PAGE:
Leptospermum namadgiensis is one of my favorite tea trees. Not only is it one of the hardiest, it has this beautiful pealing bark that shows tan, green, and orange. The bark in the photo below has darkened from the initial colors when it started pealing. I also think this species has one of the best foliage scents, too. I'll definitely be adding a few of these to the garden this fall.
I've been on the lookout for broadleaf trees with blue or silver foliage, especially deciduous ones. I was delighted to make the acquaintance of Quercus douglasii Cache Creek. Beautiful, fuzzy blue foliage, drought tolerance, super cold tolerance (to zone 5), and only gets 20-30 feet tall. I will most definitely be planting some of these this fall.
I love those big, fleshy red lantern flowers! They're just so exotic. My new Crinodendron is absolutely loaded with buds. Hopefully I can keep it happy and they will all bloom.
Thanks to a post by Danger Garden, I had to make a stop at Garden Fever to pick up one of their orange-flowered Rhododendron cinnabarinum in 4-inch pots. It's been on my wishlist for years, but the only other nursery I know of that carries it is always out of stock. Of course, I had to look around while I was there...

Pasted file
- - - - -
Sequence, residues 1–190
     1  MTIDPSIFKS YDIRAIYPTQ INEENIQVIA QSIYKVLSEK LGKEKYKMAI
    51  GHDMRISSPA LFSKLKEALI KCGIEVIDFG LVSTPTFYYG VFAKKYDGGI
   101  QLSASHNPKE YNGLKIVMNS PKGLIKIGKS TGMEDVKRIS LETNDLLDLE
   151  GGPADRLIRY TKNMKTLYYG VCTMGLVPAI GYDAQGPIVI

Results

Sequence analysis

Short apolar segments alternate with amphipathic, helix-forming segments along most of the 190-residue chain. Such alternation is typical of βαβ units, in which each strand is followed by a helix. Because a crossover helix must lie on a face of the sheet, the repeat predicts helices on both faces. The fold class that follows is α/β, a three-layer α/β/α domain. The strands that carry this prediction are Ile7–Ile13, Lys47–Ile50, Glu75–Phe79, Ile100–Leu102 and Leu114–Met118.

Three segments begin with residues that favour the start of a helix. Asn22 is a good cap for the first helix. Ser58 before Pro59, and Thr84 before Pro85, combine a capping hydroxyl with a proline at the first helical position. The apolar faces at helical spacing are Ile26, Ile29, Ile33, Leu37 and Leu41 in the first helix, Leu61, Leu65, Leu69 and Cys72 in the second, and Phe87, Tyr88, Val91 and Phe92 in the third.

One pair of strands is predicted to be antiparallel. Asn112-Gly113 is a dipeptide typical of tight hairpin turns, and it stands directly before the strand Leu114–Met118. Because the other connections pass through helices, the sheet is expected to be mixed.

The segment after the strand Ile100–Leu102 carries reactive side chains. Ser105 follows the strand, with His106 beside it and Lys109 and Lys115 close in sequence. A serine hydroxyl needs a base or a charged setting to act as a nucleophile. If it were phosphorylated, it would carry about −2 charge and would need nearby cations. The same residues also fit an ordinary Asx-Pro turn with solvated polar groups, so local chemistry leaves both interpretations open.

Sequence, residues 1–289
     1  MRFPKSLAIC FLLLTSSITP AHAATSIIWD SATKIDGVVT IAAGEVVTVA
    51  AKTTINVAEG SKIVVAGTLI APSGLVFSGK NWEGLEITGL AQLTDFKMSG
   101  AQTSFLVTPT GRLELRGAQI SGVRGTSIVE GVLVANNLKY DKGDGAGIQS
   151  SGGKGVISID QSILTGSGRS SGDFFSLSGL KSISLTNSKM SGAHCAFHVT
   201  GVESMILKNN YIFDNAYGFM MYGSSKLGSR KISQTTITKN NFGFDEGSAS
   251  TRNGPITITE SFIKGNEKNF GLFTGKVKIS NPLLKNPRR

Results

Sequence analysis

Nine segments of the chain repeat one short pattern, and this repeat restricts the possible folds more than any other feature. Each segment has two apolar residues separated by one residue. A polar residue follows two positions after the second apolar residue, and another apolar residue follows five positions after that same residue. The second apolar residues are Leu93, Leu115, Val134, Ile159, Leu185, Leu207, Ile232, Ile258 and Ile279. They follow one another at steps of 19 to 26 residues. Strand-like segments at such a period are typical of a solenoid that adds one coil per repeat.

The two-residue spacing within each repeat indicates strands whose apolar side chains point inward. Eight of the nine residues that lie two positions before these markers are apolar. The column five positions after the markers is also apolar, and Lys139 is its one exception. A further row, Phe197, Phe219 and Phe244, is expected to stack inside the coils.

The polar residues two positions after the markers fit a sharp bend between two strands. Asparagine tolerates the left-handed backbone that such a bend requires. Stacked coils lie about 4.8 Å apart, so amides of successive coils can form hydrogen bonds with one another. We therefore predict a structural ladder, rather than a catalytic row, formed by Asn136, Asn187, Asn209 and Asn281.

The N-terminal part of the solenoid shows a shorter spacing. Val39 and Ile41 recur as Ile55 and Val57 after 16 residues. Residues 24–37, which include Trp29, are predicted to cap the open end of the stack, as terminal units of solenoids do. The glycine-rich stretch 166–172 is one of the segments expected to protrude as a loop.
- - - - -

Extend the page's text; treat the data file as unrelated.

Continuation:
Sorry for the blurry photo. It really doesn't do this Aloe cooperi justice. It was a beautiful plant, especially the spotting near the base, but I managed to pass it by.
Funny how that happens. I only meant to get the Rhododendron cinnabarinum, and possibly a Rhodoendron sinogrande, which I did. Here is R. sinogrande on the left and R. cinnabarinum on the right. The foliage of the latter is more blue than this photo shows. I've actually been feeling my rhody lust waning in light of the heat and drought over these last two summers, but these two are high enough on my wishlist, and were only $4.99 each! How could I pass that up? I still have room in the newer rhody border, and the moist area in front of it.
Cyclamen produce seed more reliably when you have more than one plant, so of course I had to get two. I selected this one for the different leaf pattern, to increase the potential variation in the seedlings.